From politics to policy, it's campaign season all over again for President Bush. With the memories of last year's swing state campaign still fresh, the president is again winging from state to state, trying to win support for his proposed overhaul of the Social Security (search) system.

He's pressuring lawmakers who are wary of his plan to offer personal investment accounts to younger workers in return for scaled-back guaranteed retirement benefits. And he's doing it in the lawmakers' own backyards.

"I like to get out of Washington," Bush explained to an audience in North Carolina. "I like to talk to people. But I also know that when the people speak, people in the Congress listen. So I'm kind of sharing with you a little bit of my strategy about how to move this issue forward."

Later Thursday, Bush was traveling to Blue Bell, Pa., home state of Republican Sen. Arlen Specter (search), who opposes cuts in promised benefits for future retirees.

But first he visited Raleigh, N.C. to highlight how Social Security could be a winning political issue. The president was appearing with Sen. Elizabeth Dole (search), R-N.C., who helped set up the event but had to miss the event for votes on Capitol Hill.

Whenever Dole's Democratic opponent, Erskine Bowles, criticized her proposal during the campaign, she simply held up a blank sheet of paper to represent his plan. Bowles had nothing, she charged.

A guide distributed by the Senate and House Republican conferences during a retreat last week cited Dole as an example of how lawmakers could support personal accounts and survive their next election.

Bush noted that he also ran on the issue twice and won.

"I believe candidates are rewarded, not punished, for taking on tough issues," he said. "I say that to give assurance to the members of Congress who may be somewhat fearful of taking on the issue."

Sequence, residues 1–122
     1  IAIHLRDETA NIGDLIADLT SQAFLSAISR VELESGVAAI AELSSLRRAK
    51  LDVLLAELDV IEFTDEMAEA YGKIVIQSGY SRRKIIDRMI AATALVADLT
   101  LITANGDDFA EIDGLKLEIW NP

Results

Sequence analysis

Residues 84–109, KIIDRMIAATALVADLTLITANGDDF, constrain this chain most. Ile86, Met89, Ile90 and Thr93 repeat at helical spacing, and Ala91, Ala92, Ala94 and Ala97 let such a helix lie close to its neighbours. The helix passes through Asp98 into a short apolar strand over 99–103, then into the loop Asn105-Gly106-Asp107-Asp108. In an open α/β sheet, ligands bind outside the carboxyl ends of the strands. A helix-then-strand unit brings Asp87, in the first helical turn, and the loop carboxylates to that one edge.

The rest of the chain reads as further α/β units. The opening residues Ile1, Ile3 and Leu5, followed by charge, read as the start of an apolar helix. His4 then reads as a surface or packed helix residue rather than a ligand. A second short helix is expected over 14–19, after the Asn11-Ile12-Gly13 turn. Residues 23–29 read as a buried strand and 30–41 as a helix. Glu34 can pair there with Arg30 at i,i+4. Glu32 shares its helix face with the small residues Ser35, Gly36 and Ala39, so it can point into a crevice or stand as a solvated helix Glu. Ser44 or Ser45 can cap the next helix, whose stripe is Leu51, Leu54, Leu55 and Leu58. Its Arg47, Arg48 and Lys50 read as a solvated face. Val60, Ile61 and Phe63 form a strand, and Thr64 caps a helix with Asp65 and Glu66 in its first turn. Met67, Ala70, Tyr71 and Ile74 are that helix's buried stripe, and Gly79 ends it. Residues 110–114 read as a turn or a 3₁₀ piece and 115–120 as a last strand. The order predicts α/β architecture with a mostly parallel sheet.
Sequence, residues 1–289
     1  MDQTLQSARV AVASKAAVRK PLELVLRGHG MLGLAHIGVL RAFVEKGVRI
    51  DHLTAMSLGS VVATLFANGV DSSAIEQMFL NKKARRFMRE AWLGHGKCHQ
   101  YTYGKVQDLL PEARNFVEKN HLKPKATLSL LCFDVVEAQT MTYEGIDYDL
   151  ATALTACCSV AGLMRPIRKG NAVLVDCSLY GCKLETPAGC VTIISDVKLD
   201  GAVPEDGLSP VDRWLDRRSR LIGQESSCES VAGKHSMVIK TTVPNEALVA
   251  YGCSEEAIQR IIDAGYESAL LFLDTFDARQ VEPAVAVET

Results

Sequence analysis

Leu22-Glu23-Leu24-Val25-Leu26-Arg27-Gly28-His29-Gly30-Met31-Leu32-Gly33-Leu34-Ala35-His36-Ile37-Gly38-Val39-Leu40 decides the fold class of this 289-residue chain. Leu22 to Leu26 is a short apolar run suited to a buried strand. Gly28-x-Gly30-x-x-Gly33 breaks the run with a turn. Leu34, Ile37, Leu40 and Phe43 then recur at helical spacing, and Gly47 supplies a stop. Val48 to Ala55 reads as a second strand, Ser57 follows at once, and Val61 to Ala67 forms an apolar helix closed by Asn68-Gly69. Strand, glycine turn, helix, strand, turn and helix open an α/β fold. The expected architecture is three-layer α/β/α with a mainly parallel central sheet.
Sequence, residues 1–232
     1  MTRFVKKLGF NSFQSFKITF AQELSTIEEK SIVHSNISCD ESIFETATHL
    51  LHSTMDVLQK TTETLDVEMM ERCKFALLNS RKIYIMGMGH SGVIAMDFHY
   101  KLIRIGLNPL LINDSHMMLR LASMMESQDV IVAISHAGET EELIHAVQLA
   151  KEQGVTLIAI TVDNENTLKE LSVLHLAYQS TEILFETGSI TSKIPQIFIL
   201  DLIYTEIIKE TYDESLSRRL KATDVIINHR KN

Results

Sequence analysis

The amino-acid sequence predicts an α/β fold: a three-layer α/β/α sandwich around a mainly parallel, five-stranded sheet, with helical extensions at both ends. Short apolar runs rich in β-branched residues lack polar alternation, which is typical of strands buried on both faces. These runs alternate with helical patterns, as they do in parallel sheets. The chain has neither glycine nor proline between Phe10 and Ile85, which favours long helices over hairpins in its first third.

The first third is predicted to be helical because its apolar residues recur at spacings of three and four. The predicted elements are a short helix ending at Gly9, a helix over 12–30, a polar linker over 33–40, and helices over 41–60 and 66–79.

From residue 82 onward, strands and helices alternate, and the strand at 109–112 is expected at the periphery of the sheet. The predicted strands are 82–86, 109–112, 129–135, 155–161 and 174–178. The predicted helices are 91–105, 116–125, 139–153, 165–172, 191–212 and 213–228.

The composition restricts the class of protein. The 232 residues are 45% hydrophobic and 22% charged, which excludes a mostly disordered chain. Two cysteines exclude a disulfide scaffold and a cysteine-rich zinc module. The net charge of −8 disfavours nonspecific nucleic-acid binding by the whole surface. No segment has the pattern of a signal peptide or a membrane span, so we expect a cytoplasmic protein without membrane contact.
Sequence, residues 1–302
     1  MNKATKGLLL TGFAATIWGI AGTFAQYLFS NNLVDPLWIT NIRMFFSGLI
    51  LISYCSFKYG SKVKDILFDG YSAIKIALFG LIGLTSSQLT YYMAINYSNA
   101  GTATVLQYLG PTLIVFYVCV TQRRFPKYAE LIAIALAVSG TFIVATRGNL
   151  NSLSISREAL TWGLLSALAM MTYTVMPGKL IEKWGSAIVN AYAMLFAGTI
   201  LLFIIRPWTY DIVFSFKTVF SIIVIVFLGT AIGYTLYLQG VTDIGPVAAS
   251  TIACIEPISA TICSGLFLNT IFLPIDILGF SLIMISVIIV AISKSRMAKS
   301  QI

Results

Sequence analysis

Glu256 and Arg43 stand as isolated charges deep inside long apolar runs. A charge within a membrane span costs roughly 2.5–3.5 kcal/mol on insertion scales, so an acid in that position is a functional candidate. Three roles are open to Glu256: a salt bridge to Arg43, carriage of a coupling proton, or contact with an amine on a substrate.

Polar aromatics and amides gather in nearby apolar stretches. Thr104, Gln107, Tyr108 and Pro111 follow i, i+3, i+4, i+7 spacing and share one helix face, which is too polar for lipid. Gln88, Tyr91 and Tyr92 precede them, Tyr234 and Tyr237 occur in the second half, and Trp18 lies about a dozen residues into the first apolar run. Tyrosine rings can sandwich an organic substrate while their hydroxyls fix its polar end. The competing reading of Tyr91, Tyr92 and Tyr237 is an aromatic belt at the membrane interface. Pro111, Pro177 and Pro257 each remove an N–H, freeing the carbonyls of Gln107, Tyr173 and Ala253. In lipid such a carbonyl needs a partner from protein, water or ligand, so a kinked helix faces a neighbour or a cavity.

Still, Bush faces opposition to his plan for personal accounts from North Carolina Democrats. Rep. Bob Etheridge (search) issued a statement admonishing the president for offering a "partisan political marketing ploy" that doesn't fix the problem and only creates massive costs and huge benefit cuts.

Outside the Raleigh event, there were protesters waving commercially made signs that read: "Hands off my Social Security."

Bush has several goals at his Social Security events. He tries to convince people that the problem is urgent, while trying to reassure people over 55 that they will get their promised benefits. And he tries to get people to act by contacting their elected officials.

In a visit to the Commerce Department on Wednesday, the president said younger workers "ought to be asking the members of the Congress and the president of the United States, `What are you going to do to fix the problem?'"

Those who have been targeted by Bush's visits say so far they aren't feeling the heat. Last week, Bush tried to woo the backing of several Democratic lawmakers in a tour of five states that he won last fall.

But staff for several of those senators said they haven't seen any increase in calls of support for Bush's ideas. Bryan Gulley, spokesman for Florida Sen. Bill Nelson, said they've seen the opposite - more people have been calling in against private accounts, perhaps because of newspaper ads opposing his plan that the AARP (search) bought to coincide with Bush's visits.

Chris Thorne, spokesman for Sen. Kent Conrad, D-N.D., said there hadn't been any upswing in calls to the senator's office, although there was some response to Bush's visit - editorials in some North Dakota newspapers praised Conrad for standing firm against the president.